Area Forecast Discussion
Issued by NWS Caribou, ME

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FXUS61 KCAR 170549

Area Forecast Discussion
National Weather Service Caribou ME
1249 AM EST Sun Nov 17 2019

High pressure crests over the area tonight and builds east on
Sunday. Low pressure moving north along the eastern seaboard
will track east of the region Monday night and Tuesday. An
upper level trough crosses the area on Wednesday before high
pressure builds in on Thursday.

1245m update...Bumped up lows for the remainder of tonight.
Decreased lows for Sunday night as clear skies and light winds
persist much of night. The end of the night is tricky in terms
of the arrival of precip towards the coast. The immediate coast
will rise above freezing with the onshore winds, but not too far
inland, there`s a risk of freezing rain early Monday morning.

Previous Discussion...
Sfc hipres currently located over far sern Quebec, along the Ontario
border. High conts to build twd the CWA this aftn and wl likely set
up ovr the area by 12z Sun. Expect nw winds wl continue to gust
until sunset bfr decreasing and eventually decoupling ovrngt. Clear
skies wl dominate ovrngt leading to excellent radn`l cooling conds.
Tonight may be the coldest night of the year thus far. Min temps
back on Thursday reached -10F ovr portions of the North Woods while
expecting mins tonight to dip to near -12 to -13F, if the mid-deck
of thin clouds can hold off until close to 12z. Either way expect
more record-setting cold temps by morning. Hv gone well blo guidance
for tonight as well as below bias-corrected guidance.

High wl slowly build east and into the Maritimes on Sunday with
return flow beginning to kick in after 18z. Expect that temps
tomorrow wl be warmer than tda although still some 12-15 degrees blo
normals for this time of year.

H5 ridging builds ovr the FA drg the day tomorrow ahead of cntrl upr
lvl trof mvg twd the Great Lks toward the end of the pd. At the same
time the srn stream wv wl be heading north along the coast but more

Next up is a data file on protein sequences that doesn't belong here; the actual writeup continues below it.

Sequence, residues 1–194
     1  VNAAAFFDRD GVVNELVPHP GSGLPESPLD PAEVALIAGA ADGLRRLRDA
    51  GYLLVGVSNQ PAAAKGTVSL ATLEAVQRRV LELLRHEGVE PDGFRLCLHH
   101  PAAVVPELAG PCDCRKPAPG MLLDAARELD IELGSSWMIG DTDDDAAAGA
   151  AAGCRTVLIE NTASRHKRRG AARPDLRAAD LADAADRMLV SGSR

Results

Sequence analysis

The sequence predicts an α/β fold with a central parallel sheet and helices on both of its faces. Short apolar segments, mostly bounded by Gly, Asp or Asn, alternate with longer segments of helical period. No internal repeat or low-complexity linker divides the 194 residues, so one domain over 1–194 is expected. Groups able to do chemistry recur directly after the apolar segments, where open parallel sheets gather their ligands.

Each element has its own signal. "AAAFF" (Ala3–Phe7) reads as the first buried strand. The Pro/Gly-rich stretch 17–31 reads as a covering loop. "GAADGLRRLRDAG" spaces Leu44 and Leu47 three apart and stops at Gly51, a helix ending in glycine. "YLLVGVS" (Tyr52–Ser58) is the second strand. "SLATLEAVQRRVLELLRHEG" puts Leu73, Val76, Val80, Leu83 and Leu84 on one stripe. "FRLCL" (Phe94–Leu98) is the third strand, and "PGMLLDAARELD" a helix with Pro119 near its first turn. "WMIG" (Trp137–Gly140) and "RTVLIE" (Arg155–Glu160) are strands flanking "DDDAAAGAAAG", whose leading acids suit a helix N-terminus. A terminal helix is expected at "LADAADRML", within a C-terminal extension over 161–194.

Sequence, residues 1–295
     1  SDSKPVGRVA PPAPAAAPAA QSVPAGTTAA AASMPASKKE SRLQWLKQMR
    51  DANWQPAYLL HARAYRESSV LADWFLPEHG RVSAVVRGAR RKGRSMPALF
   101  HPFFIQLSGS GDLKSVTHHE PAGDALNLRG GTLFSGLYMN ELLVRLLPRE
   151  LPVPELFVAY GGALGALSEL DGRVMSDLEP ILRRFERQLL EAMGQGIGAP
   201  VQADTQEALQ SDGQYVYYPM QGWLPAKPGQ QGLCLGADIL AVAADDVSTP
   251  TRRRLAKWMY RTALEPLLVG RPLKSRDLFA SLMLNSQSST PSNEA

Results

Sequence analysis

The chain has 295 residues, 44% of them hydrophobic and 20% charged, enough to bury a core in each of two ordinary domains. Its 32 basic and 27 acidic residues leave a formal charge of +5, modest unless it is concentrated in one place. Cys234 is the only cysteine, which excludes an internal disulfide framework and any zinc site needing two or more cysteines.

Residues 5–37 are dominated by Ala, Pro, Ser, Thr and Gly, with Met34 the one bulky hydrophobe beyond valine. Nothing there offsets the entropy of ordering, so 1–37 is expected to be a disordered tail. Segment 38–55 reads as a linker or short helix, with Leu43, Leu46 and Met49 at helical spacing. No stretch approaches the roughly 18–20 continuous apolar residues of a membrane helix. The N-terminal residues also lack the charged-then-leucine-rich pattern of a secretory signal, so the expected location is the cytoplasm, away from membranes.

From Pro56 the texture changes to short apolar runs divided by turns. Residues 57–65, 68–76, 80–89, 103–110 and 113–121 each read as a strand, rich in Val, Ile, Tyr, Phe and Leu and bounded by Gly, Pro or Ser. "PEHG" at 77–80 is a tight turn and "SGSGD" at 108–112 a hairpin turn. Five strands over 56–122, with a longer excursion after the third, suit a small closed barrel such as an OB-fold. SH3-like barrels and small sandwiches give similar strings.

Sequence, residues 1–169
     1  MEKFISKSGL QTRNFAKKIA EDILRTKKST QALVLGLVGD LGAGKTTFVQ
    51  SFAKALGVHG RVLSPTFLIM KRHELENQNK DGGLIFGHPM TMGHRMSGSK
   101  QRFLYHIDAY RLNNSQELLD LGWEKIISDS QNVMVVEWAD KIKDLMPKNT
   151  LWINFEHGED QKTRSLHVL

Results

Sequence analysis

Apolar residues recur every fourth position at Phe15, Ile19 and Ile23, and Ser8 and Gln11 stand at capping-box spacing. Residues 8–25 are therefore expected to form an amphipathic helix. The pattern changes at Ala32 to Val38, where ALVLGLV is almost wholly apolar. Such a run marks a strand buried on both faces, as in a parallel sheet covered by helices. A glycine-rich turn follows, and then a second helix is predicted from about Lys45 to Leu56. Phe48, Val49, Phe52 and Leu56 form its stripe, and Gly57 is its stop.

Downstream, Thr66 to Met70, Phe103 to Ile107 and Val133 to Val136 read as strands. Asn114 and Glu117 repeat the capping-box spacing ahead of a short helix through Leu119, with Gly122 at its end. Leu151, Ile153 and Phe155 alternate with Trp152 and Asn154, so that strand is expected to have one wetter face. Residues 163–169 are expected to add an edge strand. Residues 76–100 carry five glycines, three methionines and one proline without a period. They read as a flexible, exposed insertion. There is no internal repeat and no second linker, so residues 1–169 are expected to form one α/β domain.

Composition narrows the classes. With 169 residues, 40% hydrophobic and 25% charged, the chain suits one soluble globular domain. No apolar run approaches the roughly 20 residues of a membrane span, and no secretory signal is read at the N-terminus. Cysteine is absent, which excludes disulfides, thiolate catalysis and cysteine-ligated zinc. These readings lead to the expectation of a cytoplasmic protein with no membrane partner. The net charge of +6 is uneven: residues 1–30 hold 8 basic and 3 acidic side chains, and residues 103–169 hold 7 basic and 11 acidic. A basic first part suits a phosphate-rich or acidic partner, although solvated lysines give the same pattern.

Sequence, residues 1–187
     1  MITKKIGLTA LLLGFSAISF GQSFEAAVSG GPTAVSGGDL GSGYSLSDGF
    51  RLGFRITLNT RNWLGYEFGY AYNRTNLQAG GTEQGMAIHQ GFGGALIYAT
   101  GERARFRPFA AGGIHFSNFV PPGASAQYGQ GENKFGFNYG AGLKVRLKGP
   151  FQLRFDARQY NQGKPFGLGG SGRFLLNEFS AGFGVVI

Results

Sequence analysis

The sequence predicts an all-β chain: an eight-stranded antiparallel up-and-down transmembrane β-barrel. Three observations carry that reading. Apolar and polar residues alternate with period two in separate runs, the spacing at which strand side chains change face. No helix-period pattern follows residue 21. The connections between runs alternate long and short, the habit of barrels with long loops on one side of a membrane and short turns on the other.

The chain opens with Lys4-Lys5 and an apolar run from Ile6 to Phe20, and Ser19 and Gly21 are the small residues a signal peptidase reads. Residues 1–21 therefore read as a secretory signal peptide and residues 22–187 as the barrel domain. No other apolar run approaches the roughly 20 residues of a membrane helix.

about this in the short term section.

Strong high pressure continues its trek east Sunday night with
return flow advecting warmer, moist air into New England. This
warming trend continues into Monday as SW flow between a digging
trough in the Great Lakes and amplifying downstream ridge
holds. Low pressure slowly intensifying off the east coast is
forecast to move north into this flow. At that time, would
expect low to carry on into open Atlantic, however, timely
tilting of the trough out west will provide a more northerly
component. This will be key for final placement of the lows
position into the Nova Scotia vicinity Monday night. Most
guidance shows this solution, but there continues to be a spread
for the low center. GEFS mean has a slight eastward shift,
tracking along the eastern coast of NS, but plenty of members
still show an outcome on the southern shore. The EPS is also
varied, although a slower and slightly westward shift is noted
over prev progs. How influential the tilt becomes will also rest
on jets at the base of the trough aloft and just coming on
shore out west Monday afternoon.

Needless to say, placement of the low will be important for
surface temperatures as well as temperatures in the mid-levels
for precip type. With the mature low tracking towards Nova
Scotia, much of Maine will be exposed to the shield of precip to
the NW in the comma head. As bulk of precip tracks into the
region, NE winds at the surface will keep low level cool air in
place. In the north and west this means sfc temps right around
freezing. Downeast, in closer proximity to the low, would be
exposed to more of the WAA. This warm air is very apparent on
the NAM, with 850mb temps as much as +10 to 12C through to a HUL
to BGR line. GFS and ECMWF solutions are more reserved, with +2
to 5C across the FA. The NAM solution would lead to an initial
round of freezing rain from interior Downeast to the north